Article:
Local court cases from the book


A woman underwent a sex reassignment procedure when she was 35. She changed her name to Eric, and her identity card was amended to reflect that she was male. Three years later, Eric got married. After a prolonged period of failing to consummate the marriage, Eric finally admitted to his wife that he was a transsexual. Feeling deceived, the woman tried to annul the marriage on the basis that Eric was biologically a female. This took place in 1991.

What the law says Their marriage was declared void as the court held then that a person's gender was determined biologically. The case, however, resulted in a change in the Women's Charter in 1996. Under today's law, the marriage between Eric and his wife would be legal as the sex reassignment procedure would render Eric a male and Eric's gender would be determined by that stated in his identity card.


Mr Ng was 42 and hoped to start a family of his own. Through an agency, he entered into an arranged marriage with a 21-year-old woman from China. After the wedding, she repeatedly refused intimacy with him and frequently stayed over at a friend's place. Five months later, she returned to China and never came back. In a phone call to Mr Ng, she said the marriage was a mistake and she would "rather die" than return to him.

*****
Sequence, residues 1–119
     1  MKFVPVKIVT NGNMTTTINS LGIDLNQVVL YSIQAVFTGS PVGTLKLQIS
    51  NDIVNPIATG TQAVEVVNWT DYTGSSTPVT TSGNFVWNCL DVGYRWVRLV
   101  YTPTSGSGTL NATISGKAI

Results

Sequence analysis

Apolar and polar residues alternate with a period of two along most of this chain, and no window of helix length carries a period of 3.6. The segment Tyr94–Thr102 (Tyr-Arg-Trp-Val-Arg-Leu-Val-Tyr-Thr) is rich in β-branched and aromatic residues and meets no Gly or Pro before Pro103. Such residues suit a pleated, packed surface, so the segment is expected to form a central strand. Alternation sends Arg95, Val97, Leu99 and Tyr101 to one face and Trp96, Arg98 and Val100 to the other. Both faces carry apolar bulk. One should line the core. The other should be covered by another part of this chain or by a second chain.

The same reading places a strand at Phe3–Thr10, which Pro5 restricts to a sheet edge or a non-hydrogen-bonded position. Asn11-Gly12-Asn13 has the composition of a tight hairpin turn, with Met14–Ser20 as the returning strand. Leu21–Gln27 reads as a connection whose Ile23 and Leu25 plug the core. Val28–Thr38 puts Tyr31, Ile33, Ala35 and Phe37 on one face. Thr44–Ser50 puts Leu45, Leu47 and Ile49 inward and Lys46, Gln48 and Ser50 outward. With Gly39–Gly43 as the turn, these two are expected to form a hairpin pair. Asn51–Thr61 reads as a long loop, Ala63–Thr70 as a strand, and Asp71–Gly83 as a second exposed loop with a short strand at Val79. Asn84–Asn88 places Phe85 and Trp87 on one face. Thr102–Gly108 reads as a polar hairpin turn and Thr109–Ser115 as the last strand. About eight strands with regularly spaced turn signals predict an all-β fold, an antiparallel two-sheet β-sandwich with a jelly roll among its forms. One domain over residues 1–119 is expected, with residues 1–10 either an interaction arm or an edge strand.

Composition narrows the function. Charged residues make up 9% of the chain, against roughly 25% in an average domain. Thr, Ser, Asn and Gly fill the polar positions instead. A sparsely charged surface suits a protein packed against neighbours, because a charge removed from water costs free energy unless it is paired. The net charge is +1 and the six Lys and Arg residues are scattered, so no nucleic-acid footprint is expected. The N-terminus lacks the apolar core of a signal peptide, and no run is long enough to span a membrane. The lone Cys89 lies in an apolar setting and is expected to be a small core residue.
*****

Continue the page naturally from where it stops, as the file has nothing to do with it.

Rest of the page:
What the law says A marriage must last at least three years before a divorce can be granted. However, the law makes exceptions under certain conditions. The court found that Mr Ng had entered into the marriage wholeheartedly. To force him to wait for the three-year time bar to expire would be to make him pay for his wife's wrongdoing. He was granted a divorce.


Their marriage was deteriorating and, a week before the birth of their daughter, the wife left the matrimonial home to live with her parents. The couple disagreed on many things, including which preschool their daughter should attend. In the end, they sent her to both - she had to go to one in the morning and the other in the afternoon. During the divorce proceedings, the husband appealed to the court for shared care and control of his daughter.

What the law says The court refused to grant shared care and control of the child to both parents as they had very different ideas about how to bring her up. The mother, whom the child was closer to, was given sole care and control. As a result, the girl no longer needed to attend two schools. Her father was allowed to visit her for four hours every weekday and six hours on Saturdays.

A version of this article appeared in the print edition of The Straits Times on February 03, 2017, with the headline 'Local court cases from the book'. Print Edition | Subscribe